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Reported reasons for job shifting in the English care sector

Hussein, Shereen (2010) Reported reasons for job shifting in the English care sector. Social Care Workforce Periodical, (8). ISSN 2047-9638.

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Abstract

With the projected increase in social care jobs from 24% to 65% by 2025, it is fundamental to improve current staff retention and maintain quality and skills. This is particularly important with the changing nature of care work and the increased emphasis placed by the government on workforce skills and training levels. The current issue of SCWP provides a picture of care workforce stability and job shifting patterns using NMDS-SC returns up to end of 2009. The current data provide valuable information on the perception of a large sample of all social care employers on the rarely examined topic of patterns of job shifting among the care workforce. One of the main findings of the current analysis is that a large percentage of leavers remain within the sector, or in related sectors such as health, while very small proportions are perceived to be leaving for the retail sector. This indicates job rather than occupation switching, and implies that occupation embeddedness is present within the care sector. However, the analysis highlights important sectoral differences in perceived reasons for leaving care jobs. More staff from the private sector leave their jobs due to concerns over pay and unfavourable organization conditions, confirming results related to pay presented in Issues 6 and 7 of this Periodical.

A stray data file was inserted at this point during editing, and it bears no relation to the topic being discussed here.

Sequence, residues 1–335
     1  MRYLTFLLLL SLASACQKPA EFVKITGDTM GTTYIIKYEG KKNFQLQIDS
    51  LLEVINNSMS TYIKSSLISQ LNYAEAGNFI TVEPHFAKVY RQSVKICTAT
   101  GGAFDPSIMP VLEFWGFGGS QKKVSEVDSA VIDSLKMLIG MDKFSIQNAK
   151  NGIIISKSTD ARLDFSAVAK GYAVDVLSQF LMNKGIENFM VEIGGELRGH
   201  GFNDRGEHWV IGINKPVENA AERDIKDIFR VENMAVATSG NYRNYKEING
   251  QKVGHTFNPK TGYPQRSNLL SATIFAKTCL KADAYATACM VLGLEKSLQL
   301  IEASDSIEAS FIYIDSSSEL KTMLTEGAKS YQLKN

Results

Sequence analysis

Item Type: Article
Additional information: Unmapped bibliographic data: M3 - Article [Field not mapped to EPrints] JO - Social Care Workforce Periodical [Field not mapped to EPrints]
Subjects: H Social Sciences
Divisions: Faculties > Social Sciences > School of Social Policy Sociology and Social Research
Faculties > Social Sciences > School of Social Policy Sociology and Social Research > Personal Social Services Research Unit
Depositing User: Shereen Hussein
Date Deposited: 13 Nov 2018 11:49 UTC
Last Modified: 29 May 2019 20:56 UTC
Resource URI: https://kar.kent.ac.uk/id/eprint/68382 (The current URI for this page, for reference purposes)
Hussein, Shereen: https://orcid.org/0000-0002-7946-0717
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